Incidents occurred in Barnstead and Alton
By BEA LEWIS, for The Laconia Daily Sun
LACONIA — The lawyer defending a man charged with the serial sexual abuse of a girl told the jury that that the allegations are "cringing, terrible," but urged them to keep an open mind suggesting that once the motives become clear "The cringe will go away."
George Colbath, 62, is accused of seven counts of aggravated felonious sexual assault. He is alleged to have repeatedly engaged in a variety of sex acts with the girl when she was under age 18, between Sept. 1, 2014, and Jan. 30, 2016, in Barnstead and Alton.
As Colbath is facing similar allegations involving the same girl in Nottingham, the case now being heard in Belknap County Superior Court, is being prosecuted by the Rockingham County Attorney's Office.
Prosecutor Annaliese Wolf warned the jury that the testimony they would hear would be both graphic and emotional. DNA evidence found on the comforter taken from the girl's bed, she said, links Colbath to
"This is more than a 'he said, she said' case. The evidence will include DNA and statements by the defendant that will back up what the witnesses will say on the stand," Wolf said.
In his own opening statement to the jury, defense attorney Mark Sisti said the allegations were made when the complaining witness and Colbath were at odds.
"Was he over protective at times? Yes. Were there arguments at times? Yes, there were. Were there concerns that she would be hurt by others? Yes. And was there discipline if she didn't do her chores with the horses? Yes, there was," Sisti said.
He urged the jury to use the lens of "beyond a reasonable doubt" when considering the evidence. When the girl underwent a physical examination by a pediatric nurse there were no signs of sexual abuse.
"Just because they come before you and say (the negative examination) doesn't mean it didn't happen; it doesn't mean it did, either," Sisti said. "The DNA is a mess full of the potential for cross contamination. There is no way to know when fluids got on that blanket."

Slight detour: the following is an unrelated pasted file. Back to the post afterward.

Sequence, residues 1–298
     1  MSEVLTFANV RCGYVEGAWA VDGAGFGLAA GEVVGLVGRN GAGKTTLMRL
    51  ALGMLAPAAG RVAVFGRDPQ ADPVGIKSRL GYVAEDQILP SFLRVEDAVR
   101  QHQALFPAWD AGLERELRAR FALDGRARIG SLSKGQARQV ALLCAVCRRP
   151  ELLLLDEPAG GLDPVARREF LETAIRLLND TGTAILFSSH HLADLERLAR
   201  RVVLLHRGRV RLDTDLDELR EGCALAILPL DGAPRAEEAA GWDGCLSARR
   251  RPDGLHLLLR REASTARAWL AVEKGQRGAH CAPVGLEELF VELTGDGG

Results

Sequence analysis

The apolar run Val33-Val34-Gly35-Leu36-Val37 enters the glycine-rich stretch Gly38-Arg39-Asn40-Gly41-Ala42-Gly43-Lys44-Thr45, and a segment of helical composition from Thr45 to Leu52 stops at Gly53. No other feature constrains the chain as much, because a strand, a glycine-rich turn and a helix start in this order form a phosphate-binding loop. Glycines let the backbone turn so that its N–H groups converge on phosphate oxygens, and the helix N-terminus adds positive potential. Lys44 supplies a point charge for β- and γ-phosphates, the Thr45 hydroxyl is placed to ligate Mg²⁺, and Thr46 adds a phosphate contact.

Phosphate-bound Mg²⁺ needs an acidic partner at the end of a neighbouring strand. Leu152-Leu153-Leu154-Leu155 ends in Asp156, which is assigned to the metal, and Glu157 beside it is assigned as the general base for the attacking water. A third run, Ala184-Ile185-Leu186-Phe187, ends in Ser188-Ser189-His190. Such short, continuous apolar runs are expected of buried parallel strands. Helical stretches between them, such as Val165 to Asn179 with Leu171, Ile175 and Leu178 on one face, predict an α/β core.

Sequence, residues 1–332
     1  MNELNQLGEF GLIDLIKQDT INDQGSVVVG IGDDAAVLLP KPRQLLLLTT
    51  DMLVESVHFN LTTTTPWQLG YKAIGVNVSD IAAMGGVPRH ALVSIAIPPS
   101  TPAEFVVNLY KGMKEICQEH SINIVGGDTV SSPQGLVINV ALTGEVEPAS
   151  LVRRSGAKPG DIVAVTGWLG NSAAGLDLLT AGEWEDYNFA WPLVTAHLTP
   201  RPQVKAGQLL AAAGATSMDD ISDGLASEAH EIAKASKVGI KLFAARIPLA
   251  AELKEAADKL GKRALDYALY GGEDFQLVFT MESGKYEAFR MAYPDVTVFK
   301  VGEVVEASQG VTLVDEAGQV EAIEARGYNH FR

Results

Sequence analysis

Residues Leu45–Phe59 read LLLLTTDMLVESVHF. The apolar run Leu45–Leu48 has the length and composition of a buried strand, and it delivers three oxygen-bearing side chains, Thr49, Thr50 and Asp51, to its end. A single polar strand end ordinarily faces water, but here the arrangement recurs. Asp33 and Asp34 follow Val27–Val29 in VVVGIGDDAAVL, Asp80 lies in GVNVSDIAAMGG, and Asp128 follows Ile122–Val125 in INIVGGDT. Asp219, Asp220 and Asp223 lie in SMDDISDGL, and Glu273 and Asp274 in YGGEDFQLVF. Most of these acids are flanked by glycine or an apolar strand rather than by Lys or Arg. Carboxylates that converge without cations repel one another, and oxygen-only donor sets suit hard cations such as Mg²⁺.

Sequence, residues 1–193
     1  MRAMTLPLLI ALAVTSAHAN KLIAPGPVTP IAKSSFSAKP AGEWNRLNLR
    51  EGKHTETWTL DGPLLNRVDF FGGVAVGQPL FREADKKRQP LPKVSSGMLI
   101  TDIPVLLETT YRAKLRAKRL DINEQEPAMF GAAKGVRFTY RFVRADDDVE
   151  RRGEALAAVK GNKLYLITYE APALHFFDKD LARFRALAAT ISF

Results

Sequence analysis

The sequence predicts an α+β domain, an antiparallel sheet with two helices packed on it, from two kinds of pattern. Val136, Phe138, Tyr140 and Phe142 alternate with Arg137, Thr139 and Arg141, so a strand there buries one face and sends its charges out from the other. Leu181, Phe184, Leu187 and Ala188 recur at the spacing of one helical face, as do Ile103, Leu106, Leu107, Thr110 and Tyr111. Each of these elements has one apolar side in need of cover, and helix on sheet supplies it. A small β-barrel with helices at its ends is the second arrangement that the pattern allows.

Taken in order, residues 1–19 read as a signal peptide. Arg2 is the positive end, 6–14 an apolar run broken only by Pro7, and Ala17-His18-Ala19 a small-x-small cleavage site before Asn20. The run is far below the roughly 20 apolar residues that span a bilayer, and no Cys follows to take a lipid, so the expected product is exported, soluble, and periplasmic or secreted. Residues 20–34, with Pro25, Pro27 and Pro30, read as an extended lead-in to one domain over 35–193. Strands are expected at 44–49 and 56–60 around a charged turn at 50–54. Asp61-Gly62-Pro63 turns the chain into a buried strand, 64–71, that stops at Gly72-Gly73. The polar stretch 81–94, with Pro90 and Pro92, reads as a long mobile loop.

The prosecutor told the jury, testimony would show that after the girl disclosed the abuse and confronted Colbath in front of a witness, that he denied the allegations. In response, the girl pulled a sex aid from beneath her pillow and announced that Colbath had used it on her.
Colbath stormed from the house and said he was going to kill himself, according to the prosecutor.
Two sexual devices were seized by police and DNA testing showed one was linked to both the girl and Colbath. The second contained DNA from three individuals.
"You heard from the prosecutor herself – there is evidence of three people on some of these objects. I'm not going to ask you to speculate, but it has to be clear and convincing evidence," Sisti said.
In laying out her own road map of the evidence for the jury, the prosecutor said after the girl disclosed the allegations and Colbath threatened to harm himself, Barnstead police were called.
When Colbath was pulled over, driving his pickup truck, he'd jury-rigged the exhaust to vent into the cab, was suffering from carbon monoxide poisoning and was taken to Lakes Region General Hospital for treatment.
While Colbath's girlfriend witnessed the girl accuse him and supported her at the time, the prosecutor said, following his arrest the defendant remained jailed for quite some time before he was able to make bail. Colbath repeatedly called the woman and she was one of only two people to visit him while he remained held. When he made bail, the couple were married in April.
The state claims that Colbath coerced the girl into submitting to his advances by taking her cell phone, refusing to let her drive and threatening to sell her horses.
The defense however, painted Colbath as a man who felt sorry for the girl and bought her horses in an effort to help her recover from the 2009 death of her mother, which she witnessed at age 10, and the death of her maternal grandmother just 13 months later.
Sisti said Colbath is anxious to testify.
"He's fed up. Enough is enough. Is he angry? I don't know what the emotion is. I think it's more devastation," Sisti said, as Colbath wiped away tears. "You'd rather be accused of murder that sexually abusing someone you cared for."
George Colbath, foreground, and co-prosecutor John Mara, left, listen to testimony in Belknap County Superior Court on Tuesday. (Bea Lewis/for The Laconia Daily Sun)
George Colbath, foreground and his defense attorney Mark Sisti listen to testimony during the first day of Colbath's sex assault trial that started Tuesday in Belknap County Superior Court. (Bea Lewis/For The Laconia Daily Sun)